Voters and political leadership may still conspire to take a negative path, but the state certainly has the resources to meet this obligation.
This is a good point, and one of which I was unaware. It does make one think. Other than that, I am a little timid about saying much about something I don't know much about ... except that I think that the right thing to do isn't always the politically advantageous thing to do, and I will always be behind the former (whatever that may be). I tend to be skeptical of politicians, particularly those from Louisiana, New Jersey, and Illinois.
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Old 04-23-2012, 12:57 PM   #115
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I was only pointing out that many folks today are facing having their earned pensions reduced despite no formal bankruptcy because the courts haven't yet decided what happens to "obligations" when a government body runs out of funds. Should vendors be paid? Should contracts be honored? Should earned and vested pensions be honored? How about long retired folks, should they take an abrupt hit to pensions?
Are public pensions not covered by ERISA? That's pretty screwed up if not. They certainly should be.
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Old 04-23-2012, 01:10 PM   #116
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What about the "service" part of public service employees? Does anyone think public pensions should be protected and paid as promised because the employees serve the country/state/community?

How about military members? Serving the country?

Is it all about the dollar and the bottom line?
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Old 04-23-2012, 01:12 PM   #117
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Are public pensions not covered by ERISA? That's pretty screwed up if not. They certainly should be.
I don't think so, but I'm not sure. So far, buzz from the unions I've heard concerning reductions to already earned benefits mentions an article in the Illinois Constitution prohibiting it and also promises of a long court battle. But no mention of ERISA violations.

I think an indication of how bad this really is here in Illinois is the fact that if Illinois wanted to simply cancel all pension plans and obligations and put everyone on SS, they can't. Current state contributions are less than the 6%+ the Feds would force them to contribute as the employer's share of SS. They couldn't afford to go that high.......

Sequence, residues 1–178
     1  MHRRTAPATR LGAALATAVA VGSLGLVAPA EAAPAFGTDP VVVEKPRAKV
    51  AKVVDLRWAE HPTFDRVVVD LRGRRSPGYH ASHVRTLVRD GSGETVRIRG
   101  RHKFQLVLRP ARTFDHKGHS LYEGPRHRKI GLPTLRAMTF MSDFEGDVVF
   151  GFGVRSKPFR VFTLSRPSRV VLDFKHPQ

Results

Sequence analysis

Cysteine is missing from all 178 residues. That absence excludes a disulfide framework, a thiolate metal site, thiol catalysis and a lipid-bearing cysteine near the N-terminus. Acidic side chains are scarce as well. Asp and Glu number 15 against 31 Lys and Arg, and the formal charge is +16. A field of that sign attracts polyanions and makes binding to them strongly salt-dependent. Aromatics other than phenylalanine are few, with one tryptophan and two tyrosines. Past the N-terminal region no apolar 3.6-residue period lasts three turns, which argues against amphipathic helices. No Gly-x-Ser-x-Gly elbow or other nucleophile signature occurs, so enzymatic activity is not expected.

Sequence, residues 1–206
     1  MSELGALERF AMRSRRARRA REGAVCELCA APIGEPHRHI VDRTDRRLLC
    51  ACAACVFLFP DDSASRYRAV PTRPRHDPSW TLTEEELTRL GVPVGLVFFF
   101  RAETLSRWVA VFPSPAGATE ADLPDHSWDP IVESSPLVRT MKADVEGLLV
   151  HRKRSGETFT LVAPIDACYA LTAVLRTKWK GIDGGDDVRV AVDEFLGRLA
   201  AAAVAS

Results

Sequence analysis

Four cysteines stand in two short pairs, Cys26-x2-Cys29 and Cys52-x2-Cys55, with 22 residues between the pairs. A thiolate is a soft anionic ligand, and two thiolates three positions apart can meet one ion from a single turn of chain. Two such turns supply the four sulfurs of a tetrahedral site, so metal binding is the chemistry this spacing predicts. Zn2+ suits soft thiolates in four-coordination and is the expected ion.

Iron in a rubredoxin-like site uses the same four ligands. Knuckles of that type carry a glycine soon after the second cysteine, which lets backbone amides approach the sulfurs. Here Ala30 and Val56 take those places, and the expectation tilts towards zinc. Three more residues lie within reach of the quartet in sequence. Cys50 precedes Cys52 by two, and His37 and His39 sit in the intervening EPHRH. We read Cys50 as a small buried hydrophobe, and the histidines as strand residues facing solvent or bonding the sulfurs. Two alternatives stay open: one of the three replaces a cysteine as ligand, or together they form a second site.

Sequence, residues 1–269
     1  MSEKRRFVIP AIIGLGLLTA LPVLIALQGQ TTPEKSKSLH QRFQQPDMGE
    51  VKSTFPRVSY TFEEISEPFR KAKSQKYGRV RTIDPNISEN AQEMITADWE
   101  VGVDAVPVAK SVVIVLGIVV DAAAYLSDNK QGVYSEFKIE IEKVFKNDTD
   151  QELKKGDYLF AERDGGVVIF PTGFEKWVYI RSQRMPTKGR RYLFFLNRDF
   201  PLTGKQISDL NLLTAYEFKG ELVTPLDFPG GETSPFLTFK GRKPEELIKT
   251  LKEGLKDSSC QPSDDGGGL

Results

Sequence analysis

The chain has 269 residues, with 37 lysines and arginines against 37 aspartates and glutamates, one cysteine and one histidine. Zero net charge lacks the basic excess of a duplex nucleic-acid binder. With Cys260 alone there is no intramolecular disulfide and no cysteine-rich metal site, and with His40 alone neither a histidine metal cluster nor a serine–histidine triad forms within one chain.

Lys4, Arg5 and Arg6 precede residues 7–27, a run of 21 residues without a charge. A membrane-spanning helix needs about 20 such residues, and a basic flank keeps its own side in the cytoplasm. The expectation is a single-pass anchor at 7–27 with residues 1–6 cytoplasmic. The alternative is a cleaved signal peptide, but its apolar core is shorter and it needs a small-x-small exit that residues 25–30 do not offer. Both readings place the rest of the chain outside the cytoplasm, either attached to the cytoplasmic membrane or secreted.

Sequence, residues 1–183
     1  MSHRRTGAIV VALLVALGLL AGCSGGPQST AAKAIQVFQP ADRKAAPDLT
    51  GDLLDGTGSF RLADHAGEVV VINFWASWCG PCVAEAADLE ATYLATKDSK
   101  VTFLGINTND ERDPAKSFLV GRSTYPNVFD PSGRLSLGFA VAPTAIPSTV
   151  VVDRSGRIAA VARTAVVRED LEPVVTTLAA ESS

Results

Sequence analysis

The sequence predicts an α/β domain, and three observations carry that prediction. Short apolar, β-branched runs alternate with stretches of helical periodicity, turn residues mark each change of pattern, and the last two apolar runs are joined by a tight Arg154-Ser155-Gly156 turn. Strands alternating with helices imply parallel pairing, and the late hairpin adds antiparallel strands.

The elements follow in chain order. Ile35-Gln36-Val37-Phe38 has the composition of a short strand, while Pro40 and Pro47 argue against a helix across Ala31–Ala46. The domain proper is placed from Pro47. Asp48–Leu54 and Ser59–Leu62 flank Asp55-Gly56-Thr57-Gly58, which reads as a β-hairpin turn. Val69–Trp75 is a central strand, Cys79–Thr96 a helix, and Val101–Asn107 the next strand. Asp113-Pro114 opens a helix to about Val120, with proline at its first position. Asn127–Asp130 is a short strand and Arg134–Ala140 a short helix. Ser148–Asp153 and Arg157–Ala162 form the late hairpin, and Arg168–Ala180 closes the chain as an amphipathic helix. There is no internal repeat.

Kind of makes my head spin. The hardware store down the street can afford to pay the employer's share of SS for the part time kid that stocks shelves. The State Of Illinois can't afford that.

Somewhere things kinda got outa hand here.....
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Old 04-23-2012, 01:18 PM   #118
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Are public pensions not covered by ERISA? That's pretty screwed up if not. They certainly should be.
Public pensions are not covered, and yes, they should be, and yes, that's pretty screwed up.
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Old 04-23-2012, 01:21 PM   #119
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This is a good point, and one of which I was unaware. It does make one think. Other than that, I am a little timid about saying much about something I don't know much about ... except that I think that the right thing to do isn't always the politically advantageous thing to do, and I will always be behind the former (whatever that may be). I tend to be skeptical of politicians, particularly those from Louisiana, New Jersey, and Illinois.
You forgot Florida.
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Old 04-23-2012, 01:26 PM   #120
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You forgot Florida.
I can tell where you spend winters..........